London's health: a role for the new mayorBMJ 1999; 318 doi: https://doi.org/10.1136/bmj.318.7182.478 (Published 20 February 1999) Cite this as: BMJ 1999;318:478
The mayor could have more influence on London's health than its hospitals
- Richard Harling, Editorial registrar
- BMJ, and registrar in public health medicine, East London and the City Health Authority
London is not a healthy city. Overall mortality is falling more slowly than in the rest of England,1 and infant mortality compares unfavourably with that ofother European capitals.2 The city is blighted by pollution,3 and there are particular problems with HIV infection, substance misuse, teenage pregnancy, tuberculosis, and severe mental illness.4 The seven million people who live in London are aware of the problems: a poll revealedthat they regard their city as an unhealthy place, and they think it is going to get worse.5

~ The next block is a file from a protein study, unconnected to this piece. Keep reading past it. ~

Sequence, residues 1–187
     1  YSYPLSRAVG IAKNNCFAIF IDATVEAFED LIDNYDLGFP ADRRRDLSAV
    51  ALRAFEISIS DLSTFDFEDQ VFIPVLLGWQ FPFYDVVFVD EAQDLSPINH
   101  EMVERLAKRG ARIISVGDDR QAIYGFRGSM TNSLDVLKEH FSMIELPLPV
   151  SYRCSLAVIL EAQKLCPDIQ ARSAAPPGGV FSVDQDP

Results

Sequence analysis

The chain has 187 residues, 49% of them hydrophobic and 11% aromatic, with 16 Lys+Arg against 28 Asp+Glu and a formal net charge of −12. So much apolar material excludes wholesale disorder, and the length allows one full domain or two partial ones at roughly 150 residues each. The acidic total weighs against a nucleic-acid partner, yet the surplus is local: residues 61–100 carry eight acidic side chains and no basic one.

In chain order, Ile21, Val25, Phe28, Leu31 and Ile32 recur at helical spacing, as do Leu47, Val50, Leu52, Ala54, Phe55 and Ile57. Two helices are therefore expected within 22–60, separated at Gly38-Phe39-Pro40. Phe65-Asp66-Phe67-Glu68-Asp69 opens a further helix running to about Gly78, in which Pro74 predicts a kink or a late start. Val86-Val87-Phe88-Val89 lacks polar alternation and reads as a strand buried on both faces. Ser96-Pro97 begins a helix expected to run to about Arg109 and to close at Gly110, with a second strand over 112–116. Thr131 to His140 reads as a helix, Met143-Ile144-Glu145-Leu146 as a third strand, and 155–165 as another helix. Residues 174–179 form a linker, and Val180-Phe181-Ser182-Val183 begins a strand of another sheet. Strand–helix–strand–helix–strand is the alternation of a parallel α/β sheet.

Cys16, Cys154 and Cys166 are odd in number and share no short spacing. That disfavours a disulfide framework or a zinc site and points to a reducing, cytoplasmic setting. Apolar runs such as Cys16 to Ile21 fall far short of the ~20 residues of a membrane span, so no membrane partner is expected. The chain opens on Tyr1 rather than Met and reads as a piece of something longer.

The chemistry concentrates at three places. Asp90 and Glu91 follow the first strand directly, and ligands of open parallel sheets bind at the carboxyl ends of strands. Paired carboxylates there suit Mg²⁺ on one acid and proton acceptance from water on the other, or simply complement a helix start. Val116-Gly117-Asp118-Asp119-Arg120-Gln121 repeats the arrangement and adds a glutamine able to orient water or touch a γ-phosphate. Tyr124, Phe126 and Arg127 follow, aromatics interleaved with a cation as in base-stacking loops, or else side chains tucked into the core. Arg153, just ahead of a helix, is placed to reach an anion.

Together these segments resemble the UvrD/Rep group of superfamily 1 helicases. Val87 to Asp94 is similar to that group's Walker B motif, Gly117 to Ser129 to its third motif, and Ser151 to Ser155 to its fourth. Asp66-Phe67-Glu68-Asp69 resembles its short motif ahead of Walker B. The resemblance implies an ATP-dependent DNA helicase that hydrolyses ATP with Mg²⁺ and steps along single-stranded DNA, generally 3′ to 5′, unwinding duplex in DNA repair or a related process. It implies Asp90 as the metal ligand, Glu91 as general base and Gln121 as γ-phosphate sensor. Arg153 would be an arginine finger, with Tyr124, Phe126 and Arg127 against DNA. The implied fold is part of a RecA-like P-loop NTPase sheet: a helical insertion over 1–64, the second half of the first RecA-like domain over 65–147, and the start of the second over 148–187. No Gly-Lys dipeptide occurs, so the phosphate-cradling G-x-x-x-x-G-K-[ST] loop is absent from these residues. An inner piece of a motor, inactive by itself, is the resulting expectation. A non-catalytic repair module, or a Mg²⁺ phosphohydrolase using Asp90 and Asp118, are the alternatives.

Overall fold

Last May Londoners voted in favour of establishing a Greater London Authority (GLA), made up ofan elected mayor and an elected assembly. The legislation is on its way through parliament, elections will be held in May next year, and the mayor and assembly will start work on 3 July 2000. The new authority will be responsible for “promoting economic and social development in London and improving the environment.” The mayor will have sweeping executive powers and …
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